How do you create corrosion resistance in hydraulic components?

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Hydraulic systems are becoming increasingly complex, working pressures are getting higher and the number of actuators to be controlled is increasing. As a result we are seeing a constant increase in manifolds and, modular or not, valve blocks with integrated functions within the hydraulic sector.

These manifolds and valve blocks are also used under increasingly extreme conditions. These include the agricultural sector (manure and fertilisers, herbicides, pesticides), the mobile sector (salt for icy roads), offshore (salt), oil and gas (salt/high ambient temperatures) and industry (detergents, high ambient temperatures).

Protection of the manifolds by a coating (wet paint, often a multilayer system) is a possible option, but it is invaraibly too expensive, does not provide sufficient protection in practice and during disassembly (maintenance/revision) there can be problems to disassemble and assemble the hydraulic system without contamination (e.g. paint particles). A high corrosion resistance of the valve block is often a requirement with regard to the operational safety of the hydraulic system and a solution to prevent contamination during the above mentioned disassembly and assembly is often desired.

Electroplating specialists Galvano Hengelo B.V. started 10 years ago with the treatment of hydraulic manifolds and components and has since become fully high adept in this field. Today, manifolds, valve blocks, screw-in parts (e.g. cartridges, plugs), cylinder tubes and rod guides (cylinder glands) are treated with zinc-nickel. It can be applied on steel and cast iron like GGG30, etc. With the appointment of Ivo Willemsen as general manager in 2017, a man who earned his spurs with hydraulic companies like Parker, it was time for a shake up.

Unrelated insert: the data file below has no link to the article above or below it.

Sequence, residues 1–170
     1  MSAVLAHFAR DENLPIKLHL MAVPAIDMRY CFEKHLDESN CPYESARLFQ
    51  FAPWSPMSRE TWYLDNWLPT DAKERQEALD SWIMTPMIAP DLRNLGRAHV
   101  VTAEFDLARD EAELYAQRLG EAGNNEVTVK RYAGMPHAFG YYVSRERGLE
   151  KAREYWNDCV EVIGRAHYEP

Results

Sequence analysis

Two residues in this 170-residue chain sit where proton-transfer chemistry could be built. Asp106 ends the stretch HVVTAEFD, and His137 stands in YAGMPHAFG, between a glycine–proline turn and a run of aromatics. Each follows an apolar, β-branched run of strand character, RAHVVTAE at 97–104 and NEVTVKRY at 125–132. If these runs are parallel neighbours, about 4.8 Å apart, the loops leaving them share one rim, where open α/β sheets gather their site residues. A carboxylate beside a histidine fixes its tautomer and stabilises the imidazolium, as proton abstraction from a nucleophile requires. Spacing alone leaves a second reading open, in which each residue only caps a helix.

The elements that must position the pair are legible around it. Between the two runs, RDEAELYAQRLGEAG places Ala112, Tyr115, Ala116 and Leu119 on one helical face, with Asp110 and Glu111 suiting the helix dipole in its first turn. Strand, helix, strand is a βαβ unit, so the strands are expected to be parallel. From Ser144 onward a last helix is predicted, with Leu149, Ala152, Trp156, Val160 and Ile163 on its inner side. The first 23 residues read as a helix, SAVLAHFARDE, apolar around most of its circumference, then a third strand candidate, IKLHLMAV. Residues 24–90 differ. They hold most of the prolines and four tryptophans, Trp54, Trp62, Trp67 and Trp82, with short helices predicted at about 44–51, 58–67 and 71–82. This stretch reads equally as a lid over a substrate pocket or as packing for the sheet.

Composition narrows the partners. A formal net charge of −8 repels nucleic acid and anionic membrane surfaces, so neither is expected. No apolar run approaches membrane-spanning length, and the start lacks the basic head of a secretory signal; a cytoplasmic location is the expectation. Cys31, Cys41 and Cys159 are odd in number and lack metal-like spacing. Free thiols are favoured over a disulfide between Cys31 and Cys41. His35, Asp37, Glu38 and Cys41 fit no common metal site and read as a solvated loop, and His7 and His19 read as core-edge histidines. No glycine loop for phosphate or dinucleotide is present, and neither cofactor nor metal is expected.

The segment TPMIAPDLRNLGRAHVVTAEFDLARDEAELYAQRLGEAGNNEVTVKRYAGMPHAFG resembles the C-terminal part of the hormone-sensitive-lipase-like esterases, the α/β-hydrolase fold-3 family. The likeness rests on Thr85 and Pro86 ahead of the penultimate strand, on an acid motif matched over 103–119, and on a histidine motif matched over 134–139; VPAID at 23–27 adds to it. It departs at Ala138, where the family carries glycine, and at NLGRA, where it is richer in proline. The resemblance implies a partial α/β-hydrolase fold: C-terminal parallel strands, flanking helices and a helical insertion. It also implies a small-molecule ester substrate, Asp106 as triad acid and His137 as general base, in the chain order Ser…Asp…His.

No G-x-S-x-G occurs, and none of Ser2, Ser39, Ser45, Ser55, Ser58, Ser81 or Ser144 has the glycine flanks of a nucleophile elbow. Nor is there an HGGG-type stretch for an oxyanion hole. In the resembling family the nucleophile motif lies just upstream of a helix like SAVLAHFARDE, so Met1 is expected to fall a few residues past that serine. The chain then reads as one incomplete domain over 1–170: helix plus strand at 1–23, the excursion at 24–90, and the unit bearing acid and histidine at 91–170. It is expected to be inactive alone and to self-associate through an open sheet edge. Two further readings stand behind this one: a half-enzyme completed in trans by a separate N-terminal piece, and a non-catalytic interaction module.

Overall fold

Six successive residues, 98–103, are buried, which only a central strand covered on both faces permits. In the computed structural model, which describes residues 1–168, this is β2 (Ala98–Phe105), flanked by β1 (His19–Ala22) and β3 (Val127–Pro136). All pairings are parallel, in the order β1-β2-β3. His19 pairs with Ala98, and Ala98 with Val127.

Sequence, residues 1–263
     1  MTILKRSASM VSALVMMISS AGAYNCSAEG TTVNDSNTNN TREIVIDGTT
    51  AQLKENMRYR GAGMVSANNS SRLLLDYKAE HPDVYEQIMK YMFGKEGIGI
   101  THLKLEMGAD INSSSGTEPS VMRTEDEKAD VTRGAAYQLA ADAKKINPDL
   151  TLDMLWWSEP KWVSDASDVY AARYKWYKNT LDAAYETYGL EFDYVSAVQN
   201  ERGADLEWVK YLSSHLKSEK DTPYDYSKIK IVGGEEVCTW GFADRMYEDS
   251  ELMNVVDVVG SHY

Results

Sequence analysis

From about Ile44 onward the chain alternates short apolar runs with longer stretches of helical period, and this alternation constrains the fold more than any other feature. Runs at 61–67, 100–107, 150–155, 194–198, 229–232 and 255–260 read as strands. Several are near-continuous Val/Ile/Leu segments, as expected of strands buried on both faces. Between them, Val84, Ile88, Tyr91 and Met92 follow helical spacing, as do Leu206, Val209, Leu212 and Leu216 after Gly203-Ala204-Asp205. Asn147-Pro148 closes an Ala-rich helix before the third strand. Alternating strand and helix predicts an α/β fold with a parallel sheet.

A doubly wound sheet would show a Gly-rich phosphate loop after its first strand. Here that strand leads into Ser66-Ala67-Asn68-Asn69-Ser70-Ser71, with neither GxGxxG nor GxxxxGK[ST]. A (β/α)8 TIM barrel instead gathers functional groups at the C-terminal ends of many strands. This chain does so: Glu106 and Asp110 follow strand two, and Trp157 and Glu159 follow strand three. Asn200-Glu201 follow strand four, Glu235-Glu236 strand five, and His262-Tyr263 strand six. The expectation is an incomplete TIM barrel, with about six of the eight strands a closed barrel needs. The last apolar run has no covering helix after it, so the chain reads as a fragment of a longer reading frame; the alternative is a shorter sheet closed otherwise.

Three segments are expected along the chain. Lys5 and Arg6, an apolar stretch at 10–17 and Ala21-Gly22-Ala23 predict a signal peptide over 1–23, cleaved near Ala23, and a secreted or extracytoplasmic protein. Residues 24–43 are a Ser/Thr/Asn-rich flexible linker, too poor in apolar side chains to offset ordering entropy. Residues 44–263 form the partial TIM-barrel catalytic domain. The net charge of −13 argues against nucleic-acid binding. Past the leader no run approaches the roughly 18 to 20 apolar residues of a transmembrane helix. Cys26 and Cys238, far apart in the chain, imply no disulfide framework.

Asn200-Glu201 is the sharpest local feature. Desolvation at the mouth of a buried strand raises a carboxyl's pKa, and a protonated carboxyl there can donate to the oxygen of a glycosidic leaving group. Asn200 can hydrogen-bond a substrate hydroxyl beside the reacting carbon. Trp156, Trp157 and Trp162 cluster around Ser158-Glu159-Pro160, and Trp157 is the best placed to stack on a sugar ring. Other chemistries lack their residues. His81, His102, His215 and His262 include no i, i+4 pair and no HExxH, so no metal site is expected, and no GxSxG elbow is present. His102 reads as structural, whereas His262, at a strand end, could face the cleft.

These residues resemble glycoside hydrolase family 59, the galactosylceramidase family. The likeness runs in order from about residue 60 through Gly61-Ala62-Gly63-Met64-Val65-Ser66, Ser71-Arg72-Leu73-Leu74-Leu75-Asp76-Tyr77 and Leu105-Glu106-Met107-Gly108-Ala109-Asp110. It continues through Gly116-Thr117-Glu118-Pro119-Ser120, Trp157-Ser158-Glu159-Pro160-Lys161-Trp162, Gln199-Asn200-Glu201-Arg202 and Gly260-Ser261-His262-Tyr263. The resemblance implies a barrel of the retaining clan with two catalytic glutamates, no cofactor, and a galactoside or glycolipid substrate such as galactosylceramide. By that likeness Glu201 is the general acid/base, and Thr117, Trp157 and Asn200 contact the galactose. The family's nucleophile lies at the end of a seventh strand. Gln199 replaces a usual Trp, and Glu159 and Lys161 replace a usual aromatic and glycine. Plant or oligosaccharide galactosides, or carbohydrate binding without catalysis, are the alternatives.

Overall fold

The treatment against corrosion of manifolds and valve blocks is not new. Whereas in the past mainly zinc and electroless nickel were used, we are now increasingly seeing a shift towards zinc-nickel. The layer thicknesses required for zinc or nickel to provide serious protection against red rust (250 hours Neutral Salt Spray test or NSS) will be 30 μm or more. This immediately leads to the undesirable side-effect that a layer thickness builds up in precisely fitting cavities, with the result that the hydraulic components to be installed no longer fit or function properly.

Often these cavities are now reworked after treatment: unnecessarily rising costs, risk of product contamination and part of the layer is lost again, resulting in the loss of the desired corrosion protection. In contrast, a zinc-nickel layer (that is an alloy layer electroplated on the metal product with a content of 12-16% nickel and the rest zinc) from 5-15 μm that reaches under NSS test conditions a protection against red rust of at least 1000 hours. Of course, this galvanic layer is Cr6 free and is excellently suited as an adhesive layer for a possible (cosmetic) paint coating.

Another major advantage is that the thickness of the layer build-up in the cavities can be influenced by correcting the process settings and product handling in such a way that the layer build-up in the cavities decreases very quickly to 0 μm. This makes it possible to keep threaded connections and holes with fittings within the tolerances without corrective measures.

A major challenge is the protection of the untreated surfaces of the manifolds.